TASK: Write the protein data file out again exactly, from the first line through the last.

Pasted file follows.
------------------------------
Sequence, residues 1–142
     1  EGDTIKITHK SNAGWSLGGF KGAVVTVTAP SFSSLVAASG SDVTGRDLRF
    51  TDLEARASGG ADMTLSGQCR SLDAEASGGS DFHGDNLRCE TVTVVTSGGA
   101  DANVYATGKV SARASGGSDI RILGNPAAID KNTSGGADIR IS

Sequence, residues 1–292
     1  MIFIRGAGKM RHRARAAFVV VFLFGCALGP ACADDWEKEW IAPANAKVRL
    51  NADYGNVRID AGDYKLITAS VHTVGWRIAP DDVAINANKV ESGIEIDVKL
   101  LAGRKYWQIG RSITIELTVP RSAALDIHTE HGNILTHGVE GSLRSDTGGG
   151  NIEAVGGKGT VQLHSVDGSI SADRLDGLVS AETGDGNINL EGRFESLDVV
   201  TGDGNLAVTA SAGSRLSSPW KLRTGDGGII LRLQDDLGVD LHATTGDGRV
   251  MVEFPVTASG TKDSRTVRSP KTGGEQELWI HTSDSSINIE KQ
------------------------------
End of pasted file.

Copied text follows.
Sequence, residues 1–142
     1  EGDTIKITHK SNAGWSLGGF KGAVVTVTAP SFSSLVAASG SDVTGRDLRF
    51  TDLEARASGG ADMTLSGQCR SLDAEASGGS DFHGDNLRCE TVTVVTSGGA
   101  DANVYATGKV SARASGGSDI RILGNPAAID KNTSGGADIR IS

Sequence, residues 1–292
     1  MIFIRGAGKM RHRARAAFVV VFLFGCALGP ACADDWEKEW IAPANAKVRL
    51  NADYGNVRID AGDYKLITAS VHTVGWRIAP DDVAINANKV ESGIEIDVKL
   101  LAGRKYWQIG RSITIELTVP RSAALDIHTE HGNILTHGVE GSLRSDTGGG
   151  NIEAVGGKGT VQLHSVDGSI SADRLDGLVS AETGDGNINL EGRFESLDVV
   201  TGDGNLAVTA SAGSRLSSPW KLRTGDGGII LRLQDDLGVD LHATTGDGRV
   251  MVEFPVTASG TKDSRTVRSP KTGGEQELWI HTSDSSINIE KQ